Finland's national climate change policy

The key pillar of Finland’s national climate policy is the Climate Change Act that entered into force on 1 June 2015. According to the Act, Finland must reduce its greenhouse gas emissions by at least 80% by 2050 from the levels in 1990. The Act also lays down provisions on a climate policy planning system and on monitoring the achievement of climate objectives. The aim of the planning system is to make sure that Finland will reach the targets with respect to both climate change mitigation and the preparations for this.

National objectives

Prime Minister Sanna Marin’s Government has set as the objective that Finland will be carbon-neutral in 2035 and carbon-negative soon after that. The aim of the present Climate Change Act is to reduce greenhouse gas emissions by at least 80% to 2050 from the levels in 1990, but the Act will be reformed in such a way that the targets concerning carbon neutrality, i.e. a balance between emissions and sinks, by 2035 will be reached. The Climate and Energy Strategy and Medium-term Climate Change Policy Plan (KAISU) will also be updated during 2021.

The obligations and policy decisions under the European Union climate and energy legislation are binding on Finland as well. The EU is committed to achieving climate neutrality by 2050. The aim is to reduce greenhouse gas emissions by at least 40% to 2030 from the levels in 1990. The EU’s common emission reduction target for the emissions trading sector is 43%. The emissions trading system covers large industrial plants, electricity and district heat production and aviation. The aim for Finland is to reduce emissions from the effort-sharing sectors by 39% to 2030 and by 16% to 2020. The effort-sharing sectors include agriculture, transport, building-specific heating and waste management.

The EU has also decided to improve energy use efficiency by at least 32.5% and raise the percentage of renewable energy to 32% by 2030. The Member States must improve their energy use efficiency by 0.8% a year between 2021 and 2030. In addition, the sinks that sequester emissions in the land use, land use change and forestry sector (LULUCF) must be at least equal to the emissions in the sector with respect to the periods 2021–2025 and 2026–2030.

Climate policy planning system

The climate policy planning system under the Climate Change Act consists of the Long-term Climate Change Policy Plan, Medium-term Climate Change Policy Plan and Adaptation Plan, and a separate Energy and Climate Strategy.

The Medium-term Climate Change Policy Plan presents the measures to mitigate greenhouse gas emissions caused by human activity in building-specific heating and cooling, agriculture, transport and waste management and in terms of industrial F-gases, as well as estimates of the trends in greenhouse gas emissions and impacts of policy actions on these. The Ministry of the Environment is responsible for coordinating the work on medium-term climate change policy and for policy preparation in its own administrative branch.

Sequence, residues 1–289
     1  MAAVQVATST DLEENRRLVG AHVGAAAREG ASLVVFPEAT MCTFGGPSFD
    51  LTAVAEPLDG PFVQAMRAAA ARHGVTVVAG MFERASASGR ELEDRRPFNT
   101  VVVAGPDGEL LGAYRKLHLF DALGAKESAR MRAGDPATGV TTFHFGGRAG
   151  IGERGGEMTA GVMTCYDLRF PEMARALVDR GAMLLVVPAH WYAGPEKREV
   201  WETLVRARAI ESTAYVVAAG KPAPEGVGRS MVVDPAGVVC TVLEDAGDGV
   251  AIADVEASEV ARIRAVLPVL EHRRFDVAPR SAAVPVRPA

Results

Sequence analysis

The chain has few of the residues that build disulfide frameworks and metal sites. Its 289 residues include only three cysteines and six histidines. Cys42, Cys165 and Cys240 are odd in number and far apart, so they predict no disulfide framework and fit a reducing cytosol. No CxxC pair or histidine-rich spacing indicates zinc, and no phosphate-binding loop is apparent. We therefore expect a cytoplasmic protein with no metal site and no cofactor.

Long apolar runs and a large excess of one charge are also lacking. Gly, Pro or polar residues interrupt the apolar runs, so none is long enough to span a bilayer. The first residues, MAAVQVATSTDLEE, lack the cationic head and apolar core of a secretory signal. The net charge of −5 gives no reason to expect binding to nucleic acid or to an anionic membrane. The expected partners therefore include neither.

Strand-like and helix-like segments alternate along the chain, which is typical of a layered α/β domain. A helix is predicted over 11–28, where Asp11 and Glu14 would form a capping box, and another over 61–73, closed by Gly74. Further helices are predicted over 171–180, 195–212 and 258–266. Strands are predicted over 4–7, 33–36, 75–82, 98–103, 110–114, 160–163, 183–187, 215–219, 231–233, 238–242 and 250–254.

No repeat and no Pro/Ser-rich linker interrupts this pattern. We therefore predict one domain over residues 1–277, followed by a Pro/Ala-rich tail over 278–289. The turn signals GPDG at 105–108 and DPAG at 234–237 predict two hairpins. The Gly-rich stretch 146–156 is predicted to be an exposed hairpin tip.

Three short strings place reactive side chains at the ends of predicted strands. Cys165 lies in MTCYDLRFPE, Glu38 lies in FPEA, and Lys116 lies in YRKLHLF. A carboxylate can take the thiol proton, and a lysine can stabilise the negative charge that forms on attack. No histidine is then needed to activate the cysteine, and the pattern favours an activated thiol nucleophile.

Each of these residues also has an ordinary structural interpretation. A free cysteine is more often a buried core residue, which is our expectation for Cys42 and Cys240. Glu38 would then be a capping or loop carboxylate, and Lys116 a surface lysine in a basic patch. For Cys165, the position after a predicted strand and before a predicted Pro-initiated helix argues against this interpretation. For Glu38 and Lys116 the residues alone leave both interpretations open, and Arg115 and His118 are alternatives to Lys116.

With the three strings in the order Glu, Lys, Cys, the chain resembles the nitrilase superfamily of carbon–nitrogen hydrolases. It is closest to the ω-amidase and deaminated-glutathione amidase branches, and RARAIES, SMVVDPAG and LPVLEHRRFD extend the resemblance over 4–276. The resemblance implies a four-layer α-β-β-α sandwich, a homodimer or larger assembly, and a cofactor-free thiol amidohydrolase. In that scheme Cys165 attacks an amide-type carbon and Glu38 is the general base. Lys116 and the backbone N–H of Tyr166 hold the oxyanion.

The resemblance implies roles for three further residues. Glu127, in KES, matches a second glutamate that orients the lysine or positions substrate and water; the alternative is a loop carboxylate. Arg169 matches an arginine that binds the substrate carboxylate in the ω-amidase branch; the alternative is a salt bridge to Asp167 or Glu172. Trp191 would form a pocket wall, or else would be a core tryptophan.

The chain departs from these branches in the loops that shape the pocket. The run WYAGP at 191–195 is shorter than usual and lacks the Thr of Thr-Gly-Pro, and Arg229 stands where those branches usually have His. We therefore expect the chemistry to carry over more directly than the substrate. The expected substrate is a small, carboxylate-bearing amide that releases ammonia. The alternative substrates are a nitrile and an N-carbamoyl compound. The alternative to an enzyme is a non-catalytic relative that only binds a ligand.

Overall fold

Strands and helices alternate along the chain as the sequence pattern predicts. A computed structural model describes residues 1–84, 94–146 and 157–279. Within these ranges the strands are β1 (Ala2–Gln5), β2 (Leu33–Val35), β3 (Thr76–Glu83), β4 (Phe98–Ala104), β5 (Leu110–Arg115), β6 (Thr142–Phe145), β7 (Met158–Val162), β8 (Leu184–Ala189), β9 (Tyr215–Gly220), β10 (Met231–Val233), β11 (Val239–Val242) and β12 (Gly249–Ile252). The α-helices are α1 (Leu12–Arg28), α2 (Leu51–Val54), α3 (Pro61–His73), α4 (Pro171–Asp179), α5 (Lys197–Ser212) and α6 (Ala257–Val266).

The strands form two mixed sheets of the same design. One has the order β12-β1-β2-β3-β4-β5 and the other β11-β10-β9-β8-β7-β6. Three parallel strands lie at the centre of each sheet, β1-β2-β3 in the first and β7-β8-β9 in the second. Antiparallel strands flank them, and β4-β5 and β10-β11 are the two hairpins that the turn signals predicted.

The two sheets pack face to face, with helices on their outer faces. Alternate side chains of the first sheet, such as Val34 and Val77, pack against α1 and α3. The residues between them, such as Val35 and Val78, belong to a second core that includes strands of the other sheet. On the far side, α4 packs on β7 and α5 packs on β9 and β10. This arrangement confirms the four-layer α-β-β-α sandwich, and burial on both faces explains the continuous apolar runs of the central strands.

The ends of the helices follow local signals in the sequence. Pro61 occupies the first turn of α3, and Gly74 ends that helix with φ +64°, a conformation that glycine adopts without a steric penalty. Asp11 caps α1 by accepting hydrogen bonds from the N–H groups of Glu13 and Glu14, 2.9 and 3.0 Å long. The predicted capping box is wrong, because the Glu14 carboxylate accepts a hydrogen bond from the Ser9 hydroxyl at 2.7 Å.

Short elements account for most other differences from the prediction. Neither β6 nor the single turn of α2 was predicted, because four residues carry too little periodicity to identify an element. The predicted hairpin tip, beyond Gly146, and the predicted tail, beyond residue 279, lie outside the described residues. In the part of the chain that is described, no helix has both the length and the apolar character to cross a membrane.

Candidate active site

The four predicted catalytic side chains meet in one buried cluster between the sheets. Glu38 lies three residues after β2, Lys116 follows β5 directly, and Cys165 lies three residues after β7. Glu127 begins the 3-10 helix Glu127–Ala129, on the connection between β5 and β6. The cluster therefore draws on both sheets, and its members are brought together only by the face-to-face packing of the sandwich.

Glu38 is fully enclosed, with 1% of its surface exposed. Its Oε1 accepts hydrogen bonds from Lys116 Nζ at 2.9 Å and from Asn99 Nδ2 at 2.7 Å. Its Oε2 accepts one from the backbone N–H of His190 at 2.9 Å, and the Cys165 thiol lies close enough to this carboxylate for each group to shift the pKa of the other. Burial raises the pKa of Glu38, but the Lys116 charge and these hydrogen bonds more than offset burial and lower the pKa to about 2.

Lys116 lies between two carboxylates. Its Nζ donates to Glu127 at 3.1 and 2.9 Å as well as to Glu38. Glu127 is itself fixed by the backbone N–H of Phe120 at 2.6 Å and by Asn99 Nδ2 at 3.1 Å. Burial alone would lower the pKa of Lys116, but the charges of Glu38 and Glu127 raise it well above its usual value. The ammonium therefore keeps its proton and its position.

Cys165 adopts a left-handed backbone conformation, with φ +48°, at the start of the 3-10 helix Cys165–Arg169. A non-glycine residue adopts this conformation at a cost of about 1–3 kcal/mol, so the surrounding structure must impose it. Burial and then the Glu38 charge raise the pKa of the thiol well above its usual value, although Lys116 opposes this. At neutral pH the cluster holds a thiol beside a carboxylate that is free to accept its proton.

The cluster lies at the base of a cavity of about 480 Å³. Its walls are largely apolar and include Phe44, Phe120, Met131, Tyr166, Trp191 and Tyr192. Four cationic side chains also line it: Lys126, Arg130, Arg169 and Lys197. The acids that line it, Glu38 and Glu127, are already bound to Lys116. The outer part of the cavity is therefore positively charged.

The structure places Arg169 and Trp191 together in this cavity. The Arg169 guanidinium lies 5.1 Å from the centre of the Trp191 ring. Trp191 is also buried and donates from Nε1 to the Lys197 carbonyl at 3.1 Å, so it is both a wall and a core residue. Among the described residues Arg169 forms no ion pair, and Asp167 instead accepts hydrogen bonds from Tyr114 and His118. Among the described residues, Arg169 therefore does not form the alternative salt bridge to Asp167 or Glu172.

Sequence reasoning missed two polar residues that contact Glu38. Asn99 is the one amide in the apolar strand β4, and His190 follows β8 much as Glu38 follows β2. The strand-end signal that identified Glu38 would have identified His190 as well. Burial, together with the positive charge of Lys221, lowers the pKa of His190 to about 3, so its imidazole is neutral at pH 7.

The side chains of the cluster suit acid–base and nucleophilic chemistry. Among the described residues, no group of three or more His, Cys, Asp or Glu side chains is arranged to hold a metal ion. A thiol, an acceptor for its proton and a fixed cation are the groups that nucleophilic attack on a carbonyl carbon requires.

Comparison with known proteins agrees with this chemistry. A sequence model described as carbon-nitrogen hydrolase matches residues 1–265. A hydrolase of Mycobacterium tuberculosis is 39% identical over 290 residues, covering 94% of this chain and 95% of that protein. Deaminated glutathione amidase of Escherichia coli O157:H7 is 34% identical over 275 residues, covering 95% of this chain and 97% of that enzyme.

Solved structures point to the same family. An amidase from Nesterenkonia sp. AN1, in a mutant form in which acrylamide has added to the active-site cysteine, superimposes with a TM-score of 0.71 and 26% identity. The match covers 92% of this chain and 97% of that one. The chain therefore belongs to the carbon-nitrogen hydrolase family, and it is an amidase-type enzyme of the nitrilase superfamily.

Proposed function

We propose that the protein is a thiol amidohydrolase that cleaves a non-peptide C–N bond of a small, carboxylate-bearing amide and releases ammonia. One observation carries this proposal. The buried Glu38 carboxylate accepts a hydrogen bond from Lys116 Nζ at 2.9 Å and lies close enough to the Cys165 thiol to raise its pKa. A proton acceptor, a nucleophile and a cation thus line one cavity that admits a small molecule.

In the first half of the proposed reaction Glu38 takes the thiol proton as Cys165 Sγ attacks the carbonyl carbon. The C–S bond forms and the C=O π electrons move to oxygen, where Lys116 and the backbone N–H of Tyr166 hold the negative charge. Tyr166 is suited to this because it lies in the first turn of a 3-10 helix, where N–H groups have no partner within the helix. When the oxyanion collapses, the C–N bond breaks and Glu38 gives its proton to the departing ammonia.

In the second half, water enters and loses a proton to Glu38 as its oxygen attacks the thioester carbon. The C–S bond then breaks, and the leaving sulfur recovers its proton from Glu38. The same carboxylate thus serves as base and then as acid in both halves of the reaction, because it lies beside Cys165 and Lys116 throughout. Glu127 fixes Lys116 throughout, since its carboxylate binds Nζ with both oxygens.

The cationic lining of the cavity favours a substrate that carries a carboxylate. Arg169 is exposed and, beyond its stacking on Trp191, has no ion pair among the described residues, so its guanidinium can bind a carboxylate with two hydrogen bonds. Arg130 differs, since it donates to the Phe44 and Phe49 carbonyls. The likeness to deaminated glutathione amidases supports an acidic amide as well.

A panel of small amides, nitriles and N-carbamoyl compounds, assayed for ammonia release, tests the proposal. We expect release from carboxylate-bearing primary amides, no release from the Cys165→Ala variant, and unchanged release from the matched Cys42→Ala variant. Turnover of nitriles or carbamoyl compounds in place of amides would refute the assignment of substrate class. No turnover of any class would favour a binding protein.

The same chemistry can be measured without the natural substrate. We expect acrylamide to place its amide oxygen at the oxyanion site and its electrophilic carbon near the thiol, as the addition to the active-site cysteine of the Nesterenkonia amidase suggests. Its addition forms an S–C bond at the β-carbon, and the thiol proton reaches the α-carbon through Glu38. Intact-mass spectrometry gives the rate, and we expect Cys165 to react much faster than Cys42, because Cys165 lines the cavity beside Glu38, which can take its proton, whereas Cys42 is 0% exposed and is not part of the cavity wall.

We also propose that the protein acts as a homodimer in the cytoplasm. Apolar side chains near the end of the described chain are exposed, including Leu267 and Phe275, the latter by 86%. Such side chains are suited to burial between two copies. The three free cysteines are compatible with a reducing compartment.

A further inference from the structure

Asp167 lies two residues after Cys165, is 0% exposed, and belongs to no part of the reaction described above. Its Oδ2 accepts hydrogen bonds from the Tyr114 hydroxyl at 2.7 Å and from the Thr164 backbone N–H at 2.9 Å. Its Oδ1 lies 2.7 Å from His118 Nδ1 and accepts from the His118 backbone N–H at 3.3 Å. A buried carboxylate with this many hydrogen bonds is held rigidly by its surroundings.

It has become a standard practice that each Government draws up an Energy and Climate Policy Strategy that comprises the emissions trading, effort-sharing and LULUCF sectors, maintenance and security of supply issues relating to the energy sector, and functioning of the energy markets. The responsibility for its preparation rests with the Ministry of Economic Affairs and Employment.

The Long-term Climate Change Policy Plan should set out the long-term policy measures for the emissions trading and non-emissions trading sectors to reach the climate policy objectives. The plan should be drawn up at least every ten years, with the work coordinated by the Ministry of Economic Affairs and Employment. The first Long-term Climate Change Policy Plan under the Climate Change Act is yet to be prepared, but the Energy and Climate Roadmap 2050 was completed in 2014.

The Adaptation Plan presents an assessment of risks and vulnerabilities and, where necessary, sector-specific action programmes concerning adaptation. The Adaptation Plan should be drawn up at least every ten years, with the work coordinated by the Ministry of Agriculture and Forestry. The first Adaptation Plan under the Climate Change Act is yet to be prepared, but Finland’s National Climate Change Adaptation Plan 2022 was completed in 2014.

Monitoring of climate actions

The Ministry of the Environment draws up an Annual Climate Change Report that describes the trends of emission reductions in Finland and implementation of emission reduction measures and their adequacy relative to the targets. The report is submitted to Parliament, and it serves as the basis for public discussion on climate change mitigation and adaptation.

Finland also reports to the European Commission and UNFCCC Secretariat on the achievements made in reducing greenhouse gas emissions. The national monitoring of greenhouse gas emissions is the responsibility of the Statistics Finland, which also compiles country reports on the climate policy measures taken in Finland.

More information

Jarmo Muurman, ympäristöneuvos 
Ministry of the Environment, Ympäristönsuojeluosasto, Climate 0295250185